Despite our similarities, my friend edged me out in that all-important category skin color. I was furious. Here I was, the happiest I’ve ever been, and my race literally clit-blocks me. Pretty soon after the insecurities crept back into my psyche. It was heartbreaking. I had worked so hard to build up my self-esteem about my color, and when faced with a swell of rejection, it crumbled. In retrospect, I see how fragile my confidence really was. My conviction was never reinforced; it was all self-supported. To have all that progress destroyed so drastically really worries and frightens me. I don’t know if I can get that girl back. Read the Post Fucking While Black [Love, Anonymously]

December 2, 2010 / / Love Anonymously

by Anonymous1

The first time I gave head to a young guy, as a teenage girl myself, I loved it. The tastes, the feel, the rhythmic sucking, the skin on skin feel filling my mouth. I didn’t know what I was doing at first, but I learned, under the patient, steady and grateful tutelage I received at seventeen, the first time around. The attention to detail ended up lasting me throughout the rest of my dick-sucking endeavors. And I could suck into an oblivion, with gusto.

In the right angle and positioning, I thoroughly enjoyed the entire experience for minutes on end. I got adept with other techniques, incorporating hand stroking and squeezes simultaneously, using pressure, tongue tricks, reading his body and responses. I could be a self-conscious, timid fuck at times, (rife with beauty and self-esteem issues holding me back) but with giving head, I championed. I was confident and self-actualized and ejaculate was one of my rewards.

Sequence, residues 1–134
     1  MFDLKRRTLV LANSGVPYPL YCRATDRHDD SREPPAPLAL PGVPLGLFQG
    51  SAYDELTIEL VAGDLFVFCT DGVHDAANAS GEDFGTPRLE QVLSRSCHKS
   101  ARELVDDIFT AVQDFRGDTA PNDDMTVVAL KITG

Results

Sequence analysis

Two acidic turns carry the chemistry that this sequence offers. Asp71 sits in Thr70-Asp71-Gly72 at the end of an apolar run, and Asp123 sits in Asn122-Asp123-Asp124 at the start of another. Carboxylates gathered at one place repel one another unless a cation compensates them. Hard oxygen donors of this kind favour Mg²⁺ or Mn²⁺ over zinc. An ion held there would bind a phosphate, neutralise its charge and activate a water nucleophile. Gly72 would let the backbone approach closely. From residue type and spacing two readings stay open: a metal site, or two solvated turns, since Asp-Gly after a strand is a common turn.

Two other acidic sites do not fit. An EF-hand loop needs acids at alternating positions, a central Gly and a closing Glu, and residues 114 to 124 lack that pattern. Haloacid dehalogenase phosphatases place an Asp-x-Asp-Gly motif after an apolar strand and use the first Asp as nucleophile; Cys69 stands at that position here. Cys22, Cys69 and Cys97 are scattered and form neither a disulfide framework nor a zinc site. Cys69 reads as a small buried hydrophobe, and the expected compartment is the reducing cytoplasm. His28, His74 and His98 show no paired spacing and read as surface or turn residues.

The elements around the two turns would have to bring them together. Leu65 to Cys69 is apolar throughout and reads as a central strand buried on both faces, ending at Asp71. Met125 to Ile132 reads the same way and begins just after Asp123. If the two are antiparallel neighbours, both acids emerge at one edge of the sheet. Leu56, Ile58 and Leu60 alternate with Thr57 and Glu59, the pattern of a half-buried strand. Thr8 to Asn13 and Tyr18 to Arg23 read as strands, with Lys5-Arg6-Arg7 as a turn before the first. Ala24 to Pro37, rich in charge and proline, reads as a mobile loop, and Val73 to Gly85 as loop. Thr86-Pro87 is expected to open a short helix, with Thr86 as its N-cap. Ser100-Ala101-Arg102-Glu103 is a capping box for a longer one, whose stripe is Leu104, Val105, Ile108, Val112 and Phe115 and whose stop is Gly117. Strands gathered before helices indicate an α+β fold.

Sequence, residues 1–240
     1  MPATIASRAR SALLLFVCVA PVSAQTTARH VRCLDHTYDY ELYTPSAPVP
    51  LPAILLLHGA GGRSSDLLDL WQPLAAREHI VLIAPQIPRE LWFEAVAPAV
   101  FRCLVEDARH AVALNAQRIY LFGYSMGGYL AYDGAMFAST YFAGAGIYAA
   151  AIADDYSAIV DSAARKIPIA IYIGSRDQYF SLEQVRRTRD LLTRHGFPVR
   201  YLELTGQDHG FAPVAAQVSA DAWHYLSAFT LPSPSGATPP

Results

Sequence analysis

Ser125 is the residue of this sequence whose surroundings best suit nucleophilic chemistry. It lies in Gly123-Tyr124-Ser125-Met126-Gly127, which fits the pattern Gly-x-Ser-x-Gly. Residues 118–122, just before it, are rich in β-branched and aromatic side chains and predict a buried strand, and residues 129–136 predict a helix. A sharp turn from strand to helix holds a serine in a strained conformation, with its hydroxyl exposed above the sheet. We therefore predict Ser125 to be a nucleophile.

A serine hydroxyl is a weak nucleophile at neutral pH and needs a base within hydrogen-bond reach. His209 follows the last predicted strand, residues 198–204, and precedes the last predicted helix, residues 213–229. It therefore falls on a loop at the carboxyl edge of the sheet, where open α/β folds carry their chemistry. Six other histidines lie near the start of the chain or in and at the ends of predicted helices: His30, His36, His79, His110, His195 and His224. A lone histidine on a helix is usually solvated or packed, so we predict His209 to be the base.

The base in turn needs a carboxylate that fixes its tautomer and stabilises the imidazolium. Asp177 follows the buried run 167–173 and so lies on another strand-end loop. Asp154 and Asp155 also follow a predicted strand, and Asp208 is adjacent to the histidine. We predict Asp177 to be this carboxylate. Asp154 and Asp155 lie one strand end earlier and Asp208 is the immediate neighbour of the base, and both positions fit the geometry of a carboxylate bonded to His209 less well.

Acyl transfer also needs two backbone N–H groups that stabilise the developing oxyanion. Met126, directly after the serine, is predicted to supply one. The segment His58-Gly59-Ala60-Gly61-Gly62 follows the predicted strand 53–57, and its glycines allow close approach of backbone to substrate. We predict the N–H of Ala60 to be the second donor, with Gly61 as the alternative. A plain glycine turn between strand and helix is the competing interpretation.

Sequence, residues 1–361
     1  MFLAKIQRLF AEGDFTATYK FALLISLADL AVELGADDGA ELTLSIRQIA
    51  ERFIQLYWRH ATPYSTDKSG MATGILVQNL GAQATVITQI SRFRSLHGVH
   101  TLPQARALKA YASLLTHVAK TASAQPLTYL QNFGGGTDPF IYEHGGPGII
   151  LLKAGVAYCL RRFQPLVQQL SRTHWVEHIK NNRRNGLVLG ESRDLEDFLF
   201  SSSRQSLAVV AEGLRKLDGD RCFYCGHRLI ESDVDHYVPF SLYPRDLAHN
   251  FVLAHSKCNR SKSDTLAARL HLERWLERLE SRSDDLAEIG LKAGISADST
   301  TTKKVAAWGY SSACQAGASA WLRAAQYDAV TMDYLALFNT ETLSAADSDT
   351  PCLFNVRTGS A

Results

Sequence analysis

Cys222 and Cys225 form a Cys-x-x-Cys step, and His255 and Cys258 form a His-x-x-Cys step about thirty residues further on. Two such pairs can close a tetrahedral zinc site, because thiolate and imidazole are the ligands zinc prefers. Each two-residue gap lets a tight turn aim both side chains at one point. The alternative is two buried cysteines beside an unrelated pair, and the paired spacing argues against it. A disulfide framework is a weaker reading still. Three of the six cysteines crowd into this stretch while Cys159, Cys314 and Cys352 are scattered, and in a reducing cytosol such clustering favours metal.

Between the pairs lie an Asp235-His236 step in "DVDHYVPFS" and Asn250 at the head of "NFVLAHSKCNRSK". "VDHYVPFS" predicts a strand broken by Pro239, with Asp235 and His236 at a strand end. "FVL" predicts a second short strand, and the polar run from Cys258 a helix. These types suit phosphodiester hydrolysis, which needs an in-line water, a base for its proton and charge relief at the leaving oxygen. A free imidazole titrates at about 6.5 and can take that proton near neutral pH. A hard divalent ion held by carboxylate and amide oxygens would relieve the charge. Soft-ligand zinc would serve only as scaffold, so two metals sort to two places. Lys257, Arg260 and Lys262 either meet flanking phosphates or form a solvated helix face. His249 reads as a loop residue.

I was also a virgin for all of 22 years of my good, black Catholic-girl life and I only had sex for the first time, with that particular person (who knew I hadn’t had intercourse before) because I fell for the infamous “I promise, just the tip” ploy and next thing you know, the length of a penis was in me. Just like that, in the quick stroke successions of the blink of an eye, my v-card was revoked.

I only enjoyed the control of giving head later in life, in the early then toward my mid twenties. But more than that, I am a pleaser and I like pleasing my (a) man and making him feel good. I just enjoyed it, the process, the act. And I need to have free reign ideally, no heavy hand guiding my head and that shit. Just, you relax, let me do my thing — and I would. Somewhere between getting older, I noticed some guys repeatedly began demanding head. Requesting it outright and the autonomy of the act for me (even though I wanted to) seemed to